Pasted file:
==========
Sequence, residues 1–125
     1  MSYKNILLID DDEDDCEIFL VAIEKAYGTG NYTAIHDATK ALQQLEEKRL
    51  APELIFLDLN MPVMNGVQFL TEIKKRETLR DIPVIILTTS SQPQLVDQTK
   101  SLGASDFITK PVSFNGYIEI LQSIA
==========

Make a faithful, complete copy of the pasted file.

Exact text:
Sequence, residues 1–125
     1  MSYKNILLID DDEDDCEIFL VAIEKAYGTG NYTAIHDATK ALQQLEEKRL
    51  APELIFLDLN MPVMNGVQFL TEIKKRETLR DIPVIILTTS SQPQLVDQTK
   101  SLGASDFITK PVSFNGYIEI LQSIA